If you believe you may be affected by fraud, it is important to take steps right away to protect yourself from further loss.
Let Your Bank Or Financial Institution Know
If you think any of your banking accounts or credit cards have been affected, contact your financial institution/s as soon as you can and tell them what has happened. They can close or freeze the accounts. This may help to recover any funds lost or prevent further loss.
Get A Copy Of Your Credit Report
A credit reporting agency can check for transactions you did not authorise or give permission for. You can also check if anyone has made inquiries into your credit history that you did not permit them to do – this can help identify who might be using your accounts.
Secure Your Information And Accounts
It is important to take action to secure your personal information as soon as you can if you think it has been used without your permission.
This can include:
- reporting missing or stolen identity documents such as your driving licence and passport
- closing any accounts which have been set up in your names such as phone, gas, electricity, water, department stores and banks or other financial institutions
- It is securing or shutting down social media and online accounts that have been hacked or set up in your name.
Most organisations' websites have information available for people on what to do if their account is not secure or an account has been set up in their name.
Collect Evidence About The Fraud
If you have evidence relating to the fraud, it is a good idea to keep it safe because this can help with the investigation.
Evidence may include:
- any details you have about the person who you believe has committed the fraud
- details of any witnesses
- financial and business records and documents
- receipts and invoices for purchases
- Communications include phone records, emails, text messages, chat messages, letters.
Identity crime is a critical threat to the Australian community. This crime type generates significant profits for offenders and causes considerable financial losses to the Australian Government, private industry and individuals.
A set of standard definitions were developed by the Australian Transaction Reports and Analysis Centre's Proof of Identity Steering Committee for use by law enforcement throughout Australia (ACPR 2006:15):
The term identity encompasses the identity of natural persons (living or deceased) and the identity of bodies corporate.
Identity fabrication to be used to describe the creation of a fictitious identity
identity manipulation to be used to describe the alteration of one's own identity
identity theft to be used to describe the theft or assumption of a pre-existing identity (or a significant part thereof), with or without consent and whether, in the case of an individual, the person is living or deceased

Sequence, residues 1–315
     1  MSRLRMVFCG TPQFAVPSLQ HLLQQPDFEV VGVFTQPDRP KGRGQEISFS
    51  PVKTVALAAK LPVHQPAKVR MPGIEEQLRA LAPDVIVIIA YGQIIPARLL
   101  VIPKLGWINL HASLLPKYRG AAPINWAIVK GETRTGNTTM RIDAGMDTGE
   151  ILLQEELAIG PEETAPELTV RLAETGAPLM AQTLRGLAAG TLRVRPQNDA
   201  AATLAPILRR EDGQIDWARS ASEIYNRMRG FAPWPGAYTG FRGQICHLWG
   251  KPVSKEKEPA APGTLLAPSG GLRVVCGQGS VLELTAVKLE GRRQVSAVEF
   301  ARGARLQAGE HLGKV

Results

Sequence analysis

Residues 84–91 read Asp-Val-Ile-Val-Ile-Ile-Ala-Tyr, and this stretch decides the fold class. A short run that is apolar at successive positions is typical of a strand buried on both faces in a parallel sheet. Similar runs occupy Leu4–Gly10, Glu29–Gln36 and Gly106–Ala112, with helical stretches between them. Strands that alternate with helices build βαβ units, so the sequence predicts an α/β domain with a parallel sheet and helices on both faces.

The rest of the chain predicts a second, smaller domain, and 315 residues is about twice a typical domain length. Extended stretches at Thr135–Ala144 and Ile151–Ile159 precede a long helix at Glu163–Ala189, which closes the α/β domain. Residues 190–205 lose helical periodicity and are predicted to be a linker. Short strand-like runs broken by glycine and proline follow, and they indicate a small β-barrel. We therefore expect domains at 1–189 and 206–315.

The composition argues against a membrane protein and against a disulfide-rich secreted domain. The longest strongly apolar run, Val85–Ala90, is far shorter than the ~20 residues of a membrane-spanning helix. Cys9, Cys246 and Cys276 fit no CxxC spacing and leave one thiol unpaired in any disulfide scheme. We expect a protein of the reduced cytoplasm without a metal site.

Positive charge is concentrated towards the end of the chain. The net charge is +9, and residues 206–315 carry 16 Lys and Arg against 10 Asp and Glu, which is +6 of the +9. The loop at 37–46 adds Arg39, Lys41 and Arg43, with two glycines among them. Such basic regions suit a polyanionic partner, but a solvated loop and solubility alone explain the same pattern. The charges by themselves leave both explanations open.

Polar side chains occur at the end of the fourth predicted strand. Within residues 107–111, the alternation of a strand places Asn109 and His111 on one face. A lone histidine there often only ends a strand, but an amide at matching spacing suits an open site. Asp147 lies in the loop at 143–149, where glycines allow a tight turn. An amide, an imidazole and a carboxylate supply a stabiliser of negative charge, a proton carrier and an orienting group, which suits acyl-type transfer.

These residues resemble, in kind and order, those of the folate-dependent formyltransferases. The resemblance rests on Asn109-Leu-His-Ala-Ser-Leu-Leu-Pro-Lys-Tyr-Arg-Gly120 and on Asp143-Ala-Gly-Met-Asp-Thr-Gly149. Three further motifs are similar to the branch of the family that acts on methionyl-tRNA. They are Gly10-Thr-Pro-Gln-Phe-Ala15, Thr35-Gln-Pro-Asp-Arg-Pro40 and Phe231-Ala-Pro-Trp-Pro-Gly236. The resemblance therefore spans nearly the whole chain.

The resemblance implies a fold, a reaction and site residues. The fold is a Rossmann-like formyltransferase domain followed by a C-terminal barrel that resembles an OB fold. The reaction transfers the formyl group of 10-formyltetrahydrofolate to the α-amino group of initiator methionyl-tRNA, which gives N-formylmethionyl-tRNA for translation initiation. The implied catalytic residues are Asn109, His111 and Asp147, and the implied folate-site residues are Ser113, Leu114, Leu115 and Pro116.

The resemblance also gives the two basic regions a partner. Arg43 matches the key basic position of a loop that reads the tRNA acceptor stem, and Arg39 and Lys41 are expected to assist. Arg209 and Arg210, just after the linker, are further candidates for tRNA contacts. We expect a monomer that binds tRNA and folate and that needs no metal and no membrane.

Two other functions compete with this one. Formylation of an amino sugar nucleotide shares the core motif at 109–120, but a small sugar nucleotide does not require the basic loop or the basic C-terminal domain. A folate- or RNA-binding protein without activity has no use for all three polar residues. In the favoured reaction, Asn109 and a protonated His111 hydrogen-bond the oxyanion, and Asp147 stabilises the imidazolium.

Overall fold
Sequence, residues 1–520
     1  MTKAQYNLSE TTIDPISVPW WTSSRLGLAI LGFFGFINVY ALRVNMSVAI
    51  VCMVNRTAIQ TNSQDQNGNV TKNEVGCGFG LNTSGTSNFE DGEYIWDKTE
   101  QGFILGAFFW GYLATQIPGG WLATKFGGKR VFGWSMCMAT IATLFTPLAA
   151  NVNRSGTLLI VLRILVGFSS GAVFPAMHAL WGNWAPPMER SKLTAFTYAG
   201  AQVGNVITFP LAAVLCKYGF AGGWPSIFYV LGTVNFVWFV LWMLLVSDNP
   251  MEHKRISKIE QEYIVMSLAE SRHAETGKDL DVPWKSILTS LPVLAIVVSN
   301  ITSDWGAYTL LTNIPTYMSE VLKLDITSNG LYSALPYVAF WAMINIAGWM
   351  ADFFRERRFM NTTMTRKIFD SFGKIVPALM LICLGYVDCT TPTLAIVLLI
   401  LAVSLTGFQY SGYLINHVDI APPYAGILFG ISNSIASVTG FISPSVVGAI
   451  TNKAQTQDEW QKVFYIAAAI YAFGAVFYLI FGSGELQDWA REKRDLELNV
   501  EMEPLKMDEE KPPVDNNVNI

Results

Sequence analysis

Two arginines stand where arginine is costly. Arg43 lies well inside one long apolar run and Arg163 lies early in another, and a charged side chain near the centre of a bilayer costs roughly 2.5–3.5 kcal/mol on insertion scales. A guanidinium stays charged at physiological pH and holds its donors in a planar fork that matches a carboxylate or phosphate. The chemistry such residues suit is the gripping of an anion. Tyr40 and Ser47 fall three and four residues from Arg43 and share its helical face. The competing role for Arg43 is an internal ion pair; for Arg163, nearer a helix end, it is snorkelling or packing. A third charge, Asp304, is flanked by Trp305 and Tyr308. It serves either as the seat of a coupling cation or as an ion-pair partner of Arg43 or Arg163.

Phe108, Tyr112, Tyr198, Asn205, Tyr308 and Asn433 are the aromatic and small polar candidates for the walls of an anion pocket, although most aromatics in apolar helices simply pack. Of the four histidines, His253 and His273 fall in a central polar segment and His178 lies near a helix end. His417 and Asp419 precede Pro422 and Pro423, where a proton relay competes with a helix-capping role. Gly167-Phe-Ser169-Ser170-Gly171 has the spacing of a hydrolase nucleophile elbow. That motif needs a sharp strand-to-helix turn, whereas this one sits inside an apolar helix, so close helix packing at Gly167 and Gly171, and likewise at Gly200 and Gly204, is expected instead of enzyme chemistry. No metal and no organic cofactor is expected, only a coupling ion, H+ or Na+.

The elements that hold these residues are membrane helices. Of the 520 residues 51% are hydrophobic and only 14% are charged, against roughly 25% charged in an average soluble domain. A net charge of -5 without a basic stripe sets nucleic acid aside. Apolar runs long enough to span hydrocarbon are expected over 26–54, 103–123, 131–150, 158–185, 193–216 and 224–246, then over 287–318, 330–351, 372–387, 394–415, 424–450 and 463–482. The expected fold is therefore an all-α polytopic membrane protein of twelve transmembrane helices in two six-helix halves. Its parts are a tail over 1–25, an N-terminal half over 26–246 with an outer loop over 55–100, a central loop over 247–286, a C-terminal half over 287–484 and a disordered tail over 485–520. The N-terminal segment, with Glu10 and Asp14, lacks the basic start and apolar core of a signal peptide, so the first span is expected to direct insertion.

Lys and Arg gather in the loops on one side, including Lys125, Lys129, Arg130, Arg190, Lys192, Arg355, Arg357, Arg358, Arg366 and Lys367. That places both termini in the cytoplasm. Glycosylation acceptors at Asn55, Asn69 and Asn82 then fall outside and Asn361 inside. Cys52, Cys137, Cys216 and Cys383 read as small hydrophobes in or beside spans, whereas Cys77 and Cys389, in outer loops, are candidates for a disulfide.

Identity crime is used as a generic term to describe activities/offences in which a perpetrator uses a fabricated identity; a manipulated identity; or a stolen/assumed identity to facilitate the commission of a crime(s).
Information can be found in Counting the costs of identity crime and misuse in Australia on the Australian Institute of Criminology website.
Once a criminal has the information they need, they could:
- apply for a credit card in your name
- open a bank or building society account in your name
- apply for other financial services in your name
- run up debts (e.g. use your credit/debit card details to make a purchase) or obtain a loan in your name
- apply for any benefits in your name (e.g. housing benefit, new tax credits, income support, job seeker's allowance, child benefit)
- apply for a driving licence in your name
- register a vehicle in your name
- apply for a job/employment in your name
- apply for a passport in your name
- Apply for a mobile phone contract in your name.
- You may become a victim of identity theft if:
- you have lost or had stolen important documents such as your passport or driving licence
- Mail expected from your bank has not arrived, or you are receiving no post at all.
You may already be a victim of identity theft if:
- items have appeared on your bank or credit card statements that you don't recognise
- you applied for a government benefit but are told that you are already claiming
- you receive bills, invoices or receipts addressed to you for goods or services you haven't asked for
- you have been refused a financial service, such as a credit card or a loan, despite having a good credit history
- a mobile phone contract has been set up in your name without your knowledge
- you have received letters from solicitors or debt collectors for debts that aren't yours.
Scams Using Credit Cards